Bake on ungreased sheets (or use parchment-lined baking sheets) at 375° for 9-12 minutes.
cookies graphic

Please refer to my Cookie Recipe Basics to make sure your cookies turn out!
Read the introduction to my 1990s cooking blog for background information.

1990s blog: Chocolate Chews

This is a recipe that my mother made for us when we were kids and then I made for my own kids. They are chocolate-nut cookies, rolled in powdered sugar before baking to make them pretty. A good old standby.

Chocolate Chews

  • 1/2 cup solid vegetable shortening (Crisco)
  • 1 2/3 cup sugar
  • 2 teaspoons vanilla
  • 2 eggs
  • 2 1-oz. squares unsweetened baking chocolate
  • 2 cups flour
  • 2 teaspoons baking powder
  • 1/2 teaspoon salt
  • 1/3 cup milk
  • 1/2 cup nuts
  • powdered sugar (to roll the cookies in)

Cream Crisco, sugar, and vanilla. Add eggs and chocolate. Combine dry ingredients, then add to creamed mixture alternately with milk. Stir in nuts. Chill dough 2 hours.

Form in balls about 3/4-inch in diameter and roll in powdered sugar.

Bake at 350° about 10 minutes.
cookies graphic

Please refer to my Cookie Recipe Basics to make sure your cookies turn out!
Read the introduction to my 1990s cooking blog for background information.

Cookie Recipe Basics


Cookie Recipe Basics


In all of my cookie recipes, do not substitute one type of shortening for another. If it says “margarine”, do not use butter. If it says “vegetable shortening”, do not use margarine. I can’t guarantee a recipe will work if shortening substitutions are made. In general, I am not a fan of margarine, but if you are going to make cookies, you want them to turn out as good cookies.

Mixing batter

Most drop cookie batters begin with mixing the shortening and sugar, and then adding eggs. I always use a stand mixer and beat the shortening and sugar on high until fluffy,  lower the speed to crack in the eggs, and beat again blend on high until fluffy. Then, add the combined dry ingredients and mix only until they are all mixed in.


Unless otherwise stated, I use unbleached all-purpose flour for cookies. I always measure flour for cookies by dipping a measuring cup into a large canister of flour and shaking it level. This isn’t the most scientific or re-producible method, but that’s what I do. Occasionally I’ll add a little more flour to a batter if the first pan of cookies flattens out too much.

Mixing dry ingredients

I don’t sift. I do mix with a spoon the flour and other dry ingredients (baking powder, baking soda, salt, spices) in a bowl. I use all purpose flour.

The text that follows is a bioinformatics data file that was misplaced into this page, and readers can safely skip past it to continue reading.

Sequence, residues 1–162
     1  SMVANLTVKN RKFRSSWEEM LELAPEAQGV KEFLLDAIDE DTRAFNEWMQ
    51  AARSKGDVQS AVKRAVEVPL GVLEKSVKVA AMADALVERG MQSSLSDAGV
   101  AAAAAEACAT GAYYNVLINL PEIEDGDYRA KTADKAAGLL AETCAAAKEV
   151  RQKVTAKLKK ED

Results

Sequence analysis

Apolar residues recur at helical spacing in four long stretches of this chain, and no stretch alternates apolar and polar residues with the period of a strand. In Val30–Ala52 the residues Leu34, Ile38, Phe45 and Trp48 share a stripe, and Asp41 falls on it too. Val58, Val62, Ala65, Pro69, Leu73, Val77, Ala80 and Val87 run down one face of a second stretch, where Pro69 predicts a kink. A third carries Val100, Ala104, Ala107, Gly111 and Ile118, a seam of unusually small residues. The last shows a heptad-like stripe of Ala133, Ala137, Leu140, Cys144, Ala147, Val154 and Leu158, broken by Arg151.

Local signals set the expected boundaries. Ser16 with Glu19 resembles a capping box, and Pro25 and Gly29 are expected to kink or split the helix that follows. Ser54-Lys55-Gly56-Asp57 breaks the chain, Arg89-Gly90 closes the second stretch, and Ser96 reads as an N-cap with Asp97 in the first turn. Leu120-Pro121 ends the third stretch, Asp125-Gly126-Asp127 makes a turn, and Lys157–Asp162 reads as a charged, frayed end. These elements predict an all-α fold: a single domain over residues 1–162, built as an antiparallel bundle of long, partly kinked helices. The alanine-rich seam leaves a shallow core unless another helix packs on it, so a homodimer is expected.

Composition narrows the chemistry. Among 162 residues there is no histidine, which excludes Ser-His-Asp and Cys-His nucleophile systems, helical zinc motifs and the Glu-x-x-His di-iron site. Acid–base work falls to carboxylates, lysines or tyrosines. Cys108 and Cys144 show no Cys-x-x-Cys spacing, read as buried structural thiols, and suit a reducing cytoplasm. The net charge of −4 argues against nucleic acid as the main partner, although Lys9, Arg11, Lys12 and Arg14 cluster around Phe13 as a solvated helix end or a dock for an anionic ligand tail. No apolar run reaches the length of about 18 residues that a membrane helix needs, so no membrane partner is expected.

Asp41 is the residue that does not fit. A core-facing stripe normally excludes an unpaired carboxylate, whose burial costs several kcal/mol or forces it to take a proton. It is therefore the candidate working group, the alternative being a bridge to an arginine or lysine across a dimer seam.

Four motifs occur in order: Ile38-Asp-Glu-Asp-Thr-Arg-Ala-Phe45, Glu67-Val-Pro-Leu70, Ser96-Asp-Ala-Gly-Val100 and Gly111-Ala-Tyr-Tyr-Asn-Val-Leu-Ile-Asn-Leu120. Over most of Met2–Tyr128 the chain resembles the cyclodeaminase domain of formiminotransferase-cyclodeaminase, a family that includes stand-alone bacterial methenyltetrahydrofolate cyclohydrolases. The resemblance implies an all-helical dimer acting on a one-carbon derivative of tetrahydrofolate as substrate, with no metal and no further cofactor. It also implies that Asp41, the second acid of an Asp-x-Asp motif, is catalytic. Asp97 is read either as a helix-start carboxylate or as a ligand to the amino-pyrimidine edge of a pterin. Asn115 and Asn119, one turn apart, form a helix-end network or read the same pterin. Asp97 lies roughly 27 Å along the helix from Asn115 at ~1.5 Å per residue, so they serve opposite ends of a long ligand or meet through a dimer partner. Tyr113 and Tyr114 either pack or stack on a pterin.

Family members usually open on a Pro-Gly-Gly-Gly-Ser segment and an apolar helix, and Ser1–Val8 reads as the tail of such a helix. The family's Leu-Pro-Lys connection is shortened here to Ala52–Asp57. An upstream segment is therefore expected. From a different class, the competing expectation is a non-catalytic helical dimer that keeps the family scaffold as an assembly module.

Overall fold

Melting chocolate

I often use the microwave. I use the high setting and check and stir every half a minute. If melting chocolate with butter or margarine, it’s often more convenient to use a pan on the stove top.

Miscellaneous ingredients

Use real chocolate chips and real vanilla.


Many of my older recipes state to bake either on greased or ungreased baking sheets. Today (2012), I bake all cookies on parchment lined half sheet pans. I haven’t re-made some of the older recipes, so some of the greased/ungreased nomenclature may be included in the recipes. It actually can make a difference in how the cookies “bake up”, meaning, how much they spread out as they bake.

And always preheat your oven before putting in the cookies.

1990s blog: Irresistible Low-Fat Chocolate Brownies

1990s note: This recipe was on a can of sweetened condensed milk, ages ago. These are great! No one will know that they are low-fat.

Today: This is (still) my “go-to” recipe when I want something very chocolatey but also calorie controlled. For instance, on a Valentine’s Day, I baked these in small heart-shaped pans (lined with parchment). To serve, I drizzled each plate with chocolate syrup, added the heart-shaped brownie, dusted with powdered sugar, spooned on a little low-fat topping, and garnished with fresh sliced strawberries and mint leaves. Elegant, chocolatey, and not too many calories.

Irresistible Low-Fat Chocolate Brownies

  • 1 14 oz. can low-fat sweetened condensed milk
  • 1/3 cup unsweetened cocoa
  • 4 egg whites
  • 1/4 cup flour
  • 1 teaspoon baking powder
  • 3/4 cup chocolate chips (can use bittersweet for extra chocolate punch)
  • 1 teaspoon vanilla

Combine the low-fat sweetened condensed milk, cocoa, and chips and microwave until the chips melt. Stir in remaining ingredients.

Bake in 13×9″ pan, which has been sprayed with non-stick spray, for 20 minutes at 375˚ or until center is set.

Makes 18, 120 calories and 3 g fat each.Low-fat Brownies